* Franklin possessed a strong natural taste for music. Leigh Hunt, speaking of his own mother, a Philadelphia lady, says: “Dr. Franklin offered to teach her the guitar, but she was too bashful to become his pupil. She regretted this afterward ; partly, no doubt, for having missed so illustrious a master. Her first child, who died, was named after him. I know not whether the anecdote is new, but I have heard that, when Dr. Franklin invented the Harmonica, he concealed it from his wife till the instrument was fit to play, and then woke her with it one night, when she took it for the music of angels.” In one of his letters to his wife, Franklin presents his best respects to “dear, precious Mrs. Shewell,” who was Leigh Hunt's grandmother.
In another letter to the same lady, after alluding to the study of entomology, and illustrating its importance by an anecdote, he advises a prudent moderation in the pursuit, lest more important things be sacrificed; “for,” he says, “there is no rank in natural knowledge of equal dignity and importance with that of being a good parent, a good child, a good husband or wife, a good subject or citizen, — that is, in short, a good Christian. Nicholas Gimcrack, therefore, who neglected the care of his family to pursue butterflies, was a just object of ridicule, and we must give him up as fair game to the satirist.”
After being present, by invitation, at the Commencement at Cambridge, the beginning of July, 1758, Franklin went through Huntingdonshire into Northumberlandshire, in search of some of his own and his wife's English relatives. Although they were all in humble spheres of life, he seems to have taken genuine pleasure in finding them out and making himself known. “At Wellingborough,” he says, in a letter to his wife, “on inquiry, we found still living Mary Fisher, whose maiden name was Franklin, daughter and only child of Thomas Franklin, my father's eldest brother; she is five years older than Sister Douse, and remembers her going away with my father and his then wife, and two other children, to New England, about the year 1685. We have had no correspondence with her since my Uncle Benjamin's death, now near thirty years. I knew she had lived at Wellingborough, and had married there to one Mr. Richard Fisher, a grazier and tanner, about fifty years ago, but did not expect to see either of them alive, so inquired for their posterity. I was directed to their house, and we found them both alive, but weak with age, very glad, however, to see us; she seems to have been a very smart, sensible woman. They are wealthy, have left off business, and live comfortably.” From Wellingborough, Franklin and his son went to Ecton, about three or four miles, where his father was born, and his father, grandfather and greatgrandfather, had lived. He visited the old family house, which he describes as “a decayed old stone building, but still known by the name of Franklin House.” Here he made the acquaintance of the rector of the village and his wife, “a good-natured, chatty old lady,” who remembered a good deal about the family. She led the way into the church-yard, “and showed us several grave-stones, which were so covered with moss that we could not read the letters till she ordered a hard brush and basin of water, with which Peter scoured them clean, and then Billy copied them.” A group for a picture this! Franklin, his son, and the “chatty old lady,” and Peter scrubbing the moss and dust from the grave-stones of the philosopher's ancestors, “the rude forefathers of the hamlet” The rector's wife told diverting stories of Thomas Franklin, Mrs. Fisher's father, who was a conveyancer and a bit of a lawyer, and was looked upon as something of a conjurer by some of the villagers. He was a leading man in county affairs, set on foot a subscription for having chimes in the steeple, proposed an easy method to prevent the village meadows from being submerged, and, in short, exhibited many of the traits afterwards more conspicuously developed in the character of his illustrious nephew. “He died,” says Franklin, “just four years before I was born, on the same day of the same month.” Perhaps a notion of transmigration slid into Franklin's brain, as he noted this coincidence. From Ecton, he went to Birmingham, where, upon inquiry, he found out some of his wife's, “and Cousin Wilkinson's, and Cousin Cash's relations.” One was a buttonmaker, and another a turner; and one was a “lively, active man, with six children; ” and they were all very glad to see any person that knew their relatives in America; and Franklin was well pleased with them and with his visit. Returning to London, he found out a daughter of his father's only sister, very old, and never married; “a good,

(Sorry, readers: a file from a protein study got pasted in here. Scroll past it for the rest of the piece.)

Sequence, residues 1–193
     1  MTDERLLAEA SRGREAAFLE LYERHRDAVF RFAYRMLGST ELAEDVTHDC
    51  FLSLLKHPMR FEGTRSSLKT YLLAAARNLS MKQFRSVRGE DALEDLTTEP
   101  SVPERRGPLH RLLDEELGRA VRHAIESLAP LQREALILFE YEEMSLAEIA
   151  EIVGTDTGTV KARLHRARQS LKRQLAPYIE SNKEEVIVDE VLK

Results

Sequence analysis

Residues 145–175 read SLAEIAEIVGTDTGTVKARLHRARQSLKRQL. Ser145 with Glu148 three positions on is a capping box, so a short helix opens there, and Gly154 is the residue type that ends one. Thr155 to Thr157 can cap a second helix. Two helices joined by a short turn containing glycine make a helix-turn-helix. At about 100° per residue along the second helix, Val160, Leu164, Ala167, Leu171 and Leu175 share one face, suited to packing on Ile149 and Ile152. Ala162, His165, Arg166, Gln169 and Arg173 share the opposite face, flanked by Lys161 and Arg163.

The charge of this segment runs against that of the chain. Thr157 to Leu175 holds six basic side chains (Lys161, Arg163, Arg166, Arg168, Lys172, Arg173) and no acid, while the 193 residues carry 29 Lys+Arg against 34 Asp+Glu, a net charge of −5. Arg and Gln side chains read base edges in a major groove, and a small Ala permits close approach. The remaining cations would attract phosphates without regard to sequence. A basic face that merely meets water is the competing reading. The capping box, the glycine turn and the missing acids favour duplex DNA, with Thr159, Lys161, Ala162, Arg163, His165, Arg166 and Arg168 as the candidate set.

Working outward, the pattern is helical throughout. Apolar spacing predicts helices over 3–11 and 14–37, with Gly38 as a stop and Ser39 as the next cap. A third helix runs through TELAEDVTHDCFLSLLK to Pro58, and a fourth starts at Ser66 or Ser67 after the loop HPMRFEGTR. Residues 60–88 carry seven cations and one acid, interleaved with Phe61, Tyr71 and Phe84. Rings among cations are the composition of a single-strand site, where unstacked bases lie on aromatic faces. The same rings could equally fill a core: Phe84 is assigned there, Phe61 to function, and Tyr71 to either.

clever woman, but poor, though vastly contented with her
situation, and very cheerful.” Happening to hear that the child of a distant relation was in a destitute state, he took her home, and educated and maintained her till she was married. In February, 1759, the University of St. Andrew's conferred upon Franklin the degree of Doctor of Laws; and in the summer of that year, accompanied by his son, he made a visit to Scotland, with which he seems to have been highly gratified. He here formed the acquaintance of David Hume and Dr. Robertson, the historians, Lord Kames and